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Planning Your Content Structure

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Planning Your Content Structure with Joe Shindelar This tutorial demonstrates how to plan the content structure for your website. By the end of this tutorial, you should have a rough draft of a plan for the content structure of the site, including which type and subtype of entity to use for which content, and which pages will contain listings of content. Before you get started with this tutorial, you want to make sure you're familiar with the concepts of entities and fields and how they relate to the fact that each page on your site that someone might interact with is actually composed of numerous different pieces of modular content. And finally, this tutorial will follow along with the Farmers Market scenario being used throughout the user guide. Start by brainstorming about the content your site needs to contain, which could include content that visitors would be looking for as well as content that you want to show to visitors. Here's an example from the Farmers Market guiding scenario for this set of tutorials. Throughout these tutorials, we'll be building a Farmers Market website, following the scenario presented here. Take a moment to read it if you haven't already. It'll help when planning the content structure of the site. As we start planning, for each identified piece of content, decide which content entity type would be the best fit. In doing this, you'll need to consider where and how the content will be used and edited on the site. For example, in the Farmers Market site scenario, you might want to display the hours and location of the Farmers Market on the side bar of every page. For that content, a single custom block makes sense. As another example, you might decide that pages displaying information about each vendor should be content items managed by the core Node module because you want vendors to be able to edit their own listings. The core Node module permission system lets you do this easily. These decisions do not necessarily always have only one right answer. For instance, you can decide that vendor pages should be user profiles instead of content items. But if you did that, the content would be tied to a specific user account and it would not be as easy to later change the ownership of a vendor page to a different user account. Within each content entity type you identified, decide what division into subtypes would make sense. For example, in the Farmers Market site, you could probably decide that under the content item entity type, there should be 1 content type for basic pages, like the homepage and an About page, 1 for vendor pages and 1 for recipe pages. For each entity subtype you decided on, decide what fields are needed. For instance the vendor content type might need fields for the vendor name, web page URL, image, and description. Next, decide on what content listings are needed, which could be entire pages, or smaller areas on the page. For each listing, you'll need to determine what entity items should be listed and then you'll need to decide in what order and with what filtering options they should be displayed. For example, you might want to give the site visitors the option to search by keyword to filter the list down to a subset or to sort the list. You'll also need to decide what information from the entity items should be shown, which might result in adding to the list of fields you determined in the previous step. The Farmers Market site for example, needs to have a recipes listing page that lists content items of the type recipe, with the ability to filter by ingredients. So that means that the recipe content type needs an ingredients field. For each identified field on each entity subtype, identify what type of data it should contain, such as plain text, formatted text, a date, an image, file, etc., and how many values should be allowed. Most fields are single valued. But for example, a recipe should allow for multiple values in its ingredients field. Consider which fields would be best as references to taxonomy term entities, fields whose values should be chosen from a list of allowed values. Those with allowed values that are expected to change and grow over time are good candidates. An example is the ingredients field for the Recipe content type. Consider which fields should be references to other content on the site. As an example of that, since vendors will be submitting recipes, a field will be needed on the Recipe content type that references the vendor content item for the vendor who submitted the recipe. Combine all of your brainstorming about different type of contents lists and how you would like the data on your site to be structured into a document that you can refer back to later while building your site. In this tutorial we went through some examples of the types of things you'll want to keep in mind when creating a plan for the structure of your site's data, including things like what kind of content do you want to collect and display, how does that content relate to other content on your site, what form fields do you want to present to a user who is adding or editing a piece of content, and things like that. As well as how will that content be used in lists throughout your site. As you learn more about how Drupal functions, make sure you come back to your original document and reconsider your previous decisions and make updates as necessary.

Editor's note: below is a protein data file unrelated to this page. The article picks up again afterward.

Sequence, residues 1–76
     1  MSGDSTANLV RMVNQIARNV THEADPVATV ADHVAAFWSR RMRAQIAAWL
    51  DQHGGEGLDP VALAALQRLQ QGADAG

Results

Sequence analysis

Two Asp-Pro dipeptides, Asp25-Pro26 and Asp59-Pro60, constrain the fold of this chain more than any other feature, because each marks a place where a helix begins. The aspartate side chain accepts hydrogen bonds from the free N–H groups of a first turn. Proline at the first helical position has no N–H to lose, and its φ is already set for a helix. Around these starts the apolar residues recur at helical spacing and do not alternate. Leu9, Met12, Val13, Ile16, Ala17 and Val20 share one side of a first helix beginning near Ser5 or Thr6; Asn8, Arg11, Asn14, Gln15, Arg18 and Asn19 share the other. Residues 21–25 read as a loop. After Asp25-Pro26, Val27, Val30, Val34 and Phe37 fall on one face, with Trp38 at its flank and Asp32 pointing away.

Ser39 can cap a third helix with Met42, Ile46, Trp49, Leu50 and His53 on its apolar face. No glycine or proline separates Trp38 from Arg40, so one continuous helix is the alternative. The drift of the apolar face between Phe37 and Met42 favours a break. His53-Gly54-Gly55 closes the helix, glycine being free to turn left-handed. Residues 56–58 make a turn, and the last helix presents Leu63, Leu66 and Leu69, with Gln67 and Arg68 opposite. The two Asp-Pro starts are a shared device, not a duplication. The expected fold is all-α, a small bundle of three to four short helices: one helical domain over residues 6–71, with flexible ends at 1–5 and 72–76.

Video Details

Duration: 5 minutes and 2 seconds
Country: United States
Language: English
License: All rights reserved
Genre: None
Views: 2
Posted by: drupalizeme on Nov 1, 2017

Planning Your Content Structure

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